Rishi Sunak has warned young people that their careers may suffer if they continue to work from home. The Chancellor of the Exchequer said he would not have had such success in his professional life if it had not been for the benefits he gained from working within an office environment. His views come as many companies commit to employing a hybrid approach of remote and office work as government restrictions ease.
Sunak shared with LinkedIn News that if he had began his career in a virtual capacity, he would not have been able to create the network he has now, nor have developed the “strong relationships” he values. This led him to state, “for young people in particular, being able to physically be in an office is valuable”. Sunak once worked at the banking giant Goldman Sachs, of which’s boss, David Solomon, has said he is concerned about how to train the next generation of bankers if they are working from home. As well as this, according to Morgan Stanley’s chief executive, it is learning the “soft cues that go with having a successful career” which people are missing out on as a result of working from home.
However, many firms have taken a different view on the potential return of workers to the office. The CEO of Unilever, which has 149,000 employees across the world, has said the company will never expect its staff to return to the office five days a week, calling the orthodox approach to the workplace “very old-fashioned”. When massive companies like Unilever make this commitment, it is clear the trend will be followed by many more across various industries, allowing for more flexibility amongst staff.
The Adecco Group UK and Ireland found 77% of UK employees believe a mix of office-based and remote working is the best approach to work post-Covid. Whilst Sunak believes working from home may damage careers, it is evident the majority of people feel that spending more time outside of the office will benefit their life. The success of working from home during the pandemic has created a shift in employee’s expectations of what their work-life balance can look like.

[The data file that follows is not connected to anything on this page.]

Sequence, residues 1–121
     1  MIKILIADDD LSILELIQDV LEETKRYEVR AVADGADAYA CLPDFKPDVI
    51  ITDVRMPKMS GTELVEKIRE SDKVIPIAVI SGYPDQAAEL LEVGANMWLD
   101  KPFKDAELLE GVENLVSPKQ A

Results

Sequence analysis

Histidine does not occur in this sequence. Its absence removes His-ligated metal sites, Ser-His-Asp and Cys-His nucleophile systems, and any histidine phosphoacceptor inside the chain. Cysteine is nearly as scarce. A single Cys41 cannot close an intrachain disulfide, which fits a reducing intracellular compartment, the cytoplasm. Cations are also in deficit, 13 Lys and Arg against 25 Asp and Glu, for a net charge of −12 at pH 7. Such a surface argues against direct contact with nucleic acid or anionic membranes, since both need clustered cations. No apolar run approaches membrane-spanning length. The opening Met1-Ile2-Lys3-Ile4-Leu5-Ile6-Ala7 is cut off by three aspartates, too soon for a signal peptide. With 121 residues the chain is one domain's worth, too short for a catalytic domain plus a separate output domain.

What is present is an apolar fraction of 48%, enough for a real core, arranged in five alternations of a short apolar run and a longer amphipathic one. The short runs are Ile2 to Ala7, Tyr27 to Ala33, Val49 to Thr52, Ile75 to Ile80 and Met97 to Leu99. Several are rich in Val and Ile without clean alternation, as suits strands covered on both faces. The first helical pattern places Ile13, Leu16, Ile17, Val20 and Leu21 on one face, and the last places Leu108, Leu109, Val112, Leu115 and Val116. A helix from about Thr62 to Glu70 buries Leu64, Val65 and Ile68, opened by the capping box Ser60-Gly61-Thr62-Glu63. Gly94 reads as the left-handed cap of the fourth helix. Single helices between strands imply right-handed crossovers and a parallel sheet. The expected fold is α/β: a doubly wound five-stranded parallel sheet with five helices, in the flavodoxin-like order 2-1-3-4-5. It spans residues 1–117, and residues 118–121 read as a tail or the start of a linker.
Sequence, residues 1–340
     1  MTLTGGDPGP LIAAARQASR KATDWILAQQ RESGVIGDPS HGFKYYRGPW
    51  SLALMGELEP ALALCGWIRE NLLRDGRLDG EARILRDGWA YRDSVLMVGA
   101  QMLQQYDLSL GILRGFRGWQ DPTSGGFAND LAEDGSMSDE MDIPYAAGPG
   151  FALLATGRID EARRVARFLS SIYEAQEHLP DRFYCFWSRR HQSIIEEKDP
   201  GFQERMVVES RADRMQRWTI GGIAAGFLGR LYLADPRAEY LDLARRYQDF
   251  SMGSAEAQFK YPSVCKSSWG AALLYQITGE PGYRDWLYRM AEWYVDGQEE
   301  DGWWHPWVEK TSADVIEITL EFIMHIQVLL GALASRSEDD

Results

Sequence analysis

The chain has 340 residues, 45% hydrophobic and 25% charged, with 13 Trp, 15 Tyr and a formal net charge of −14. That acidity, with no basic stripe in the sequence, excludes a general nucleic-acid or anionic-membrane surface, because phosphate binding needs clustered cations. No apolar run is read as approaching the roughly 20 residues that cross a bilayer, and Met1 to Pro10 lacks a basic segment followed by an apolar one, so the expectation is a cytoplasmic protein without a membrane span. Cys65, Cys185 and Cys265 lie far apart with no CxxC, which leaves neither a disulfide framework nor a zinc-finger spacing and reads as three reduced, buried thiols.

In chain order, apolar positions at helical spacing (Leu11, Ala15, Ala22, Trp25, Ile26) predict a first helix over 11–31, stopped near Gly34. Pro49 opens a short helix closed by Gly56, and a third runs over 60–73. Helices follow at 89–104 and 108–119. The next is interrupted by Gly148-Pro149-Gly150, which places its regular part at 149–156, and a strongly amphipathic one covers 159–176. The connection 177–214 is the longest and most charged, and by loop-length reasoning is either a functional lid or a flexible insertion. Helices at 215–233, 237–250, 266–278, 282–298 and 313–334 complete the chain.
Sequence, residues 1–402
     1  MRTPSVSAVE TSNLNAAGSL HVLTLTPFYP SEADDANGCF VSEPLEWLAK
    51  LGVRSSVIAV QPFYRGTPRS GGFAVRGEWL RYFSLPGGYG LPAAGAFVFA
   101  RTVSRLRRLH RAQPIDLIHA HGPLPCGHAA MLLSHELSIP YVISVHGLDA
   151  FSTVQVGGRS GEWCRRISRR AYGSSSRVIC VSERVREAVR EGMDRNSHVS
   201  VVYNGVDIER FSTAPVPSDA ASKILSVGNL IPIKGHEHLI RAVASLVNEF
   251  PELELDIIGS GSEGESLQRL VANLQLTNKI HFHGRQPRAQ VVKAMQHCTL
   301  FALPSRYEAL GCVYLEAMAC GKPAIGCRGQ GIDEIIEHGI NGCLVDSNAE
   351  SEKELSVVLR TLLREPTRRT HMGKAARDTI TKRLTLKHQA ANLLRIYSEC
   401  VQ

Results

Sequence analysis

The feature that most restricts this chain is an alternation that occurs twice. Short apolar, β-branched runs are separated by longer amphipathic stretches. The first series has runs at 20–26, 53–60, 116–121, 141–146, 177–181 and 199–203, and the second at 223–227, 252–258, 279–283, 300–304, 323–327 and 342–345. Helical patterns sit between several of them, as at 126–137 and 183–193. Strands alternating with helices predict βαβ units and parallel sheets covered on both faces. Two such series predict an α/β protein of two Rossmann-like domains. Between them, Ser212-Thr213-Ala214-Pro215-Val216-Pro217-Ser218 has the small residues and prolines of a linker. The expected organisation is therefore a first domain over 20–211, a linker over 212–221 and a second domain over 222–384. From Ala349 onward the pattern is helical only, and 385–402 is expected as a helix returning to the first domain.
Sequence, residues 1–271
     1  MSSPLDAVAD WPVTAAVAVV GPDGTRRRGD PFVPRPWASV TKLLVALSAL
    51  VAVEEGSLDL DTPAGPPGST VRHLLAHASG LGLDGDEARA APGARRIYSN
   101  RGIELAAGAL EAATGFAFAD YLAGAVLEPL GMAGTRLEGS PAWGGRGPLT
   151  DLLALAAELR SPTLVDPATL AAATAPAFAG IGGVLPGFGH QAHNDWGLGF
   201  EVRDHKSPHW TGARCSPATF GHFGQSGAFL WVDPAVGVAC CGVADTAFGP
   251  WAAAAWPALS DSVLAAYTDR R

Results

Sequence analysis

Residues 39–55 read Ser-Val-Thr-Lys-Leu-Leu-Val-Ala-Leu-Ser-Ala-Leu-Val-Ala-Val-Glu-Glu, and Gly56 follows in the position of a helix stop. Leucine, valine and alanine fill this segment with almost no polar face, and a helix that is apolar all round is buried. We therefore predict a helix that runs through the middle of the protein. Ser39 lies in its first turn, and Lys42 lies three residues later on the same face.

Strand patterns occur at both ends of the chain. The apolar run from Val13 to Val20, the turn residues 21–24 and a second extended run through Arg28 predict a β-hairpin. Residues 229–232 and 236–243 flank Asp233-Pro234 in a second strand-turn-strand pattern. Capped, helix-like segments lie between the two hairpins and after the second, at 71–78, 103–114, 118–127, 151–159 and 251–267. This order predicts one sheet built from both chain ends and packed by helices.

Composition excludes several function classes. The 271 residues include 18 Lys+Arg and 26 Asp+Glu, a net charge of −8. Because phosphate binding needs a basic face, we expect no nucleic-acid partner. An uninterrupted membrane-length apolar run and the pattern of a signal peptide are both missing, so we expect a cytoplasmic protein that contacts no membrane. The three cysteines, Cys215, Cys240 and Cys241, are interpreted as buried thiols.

A hybrid approach to work may also allow for greater gender equality within professional environments, with women more likely to take a back step after starting a family compared to their male counterparts. Remote working, therefore, might give women who do take on a disproportionate amount of responsibility in the home the opportunity to be able to continue to develop their careers whilst looking after children. This may have been otherwise impossible if they were needed in the office five days a week.
The need for companies to introduce remote working during the Covid-19 pandemic has also given employers a newfound level of confidence in employees’ ability to work hard at home. Those who have faced job discrimination in the past due to accessibility issues in an office environment will hopefully now be given the trust and resources to be able to work remotely, creating more diversity and inclusivity in the professional world.
Whilst Sunak’s concerns are shared by many, a new world is upon us in which people will hopefully be able to value their mental health as much as they do their career.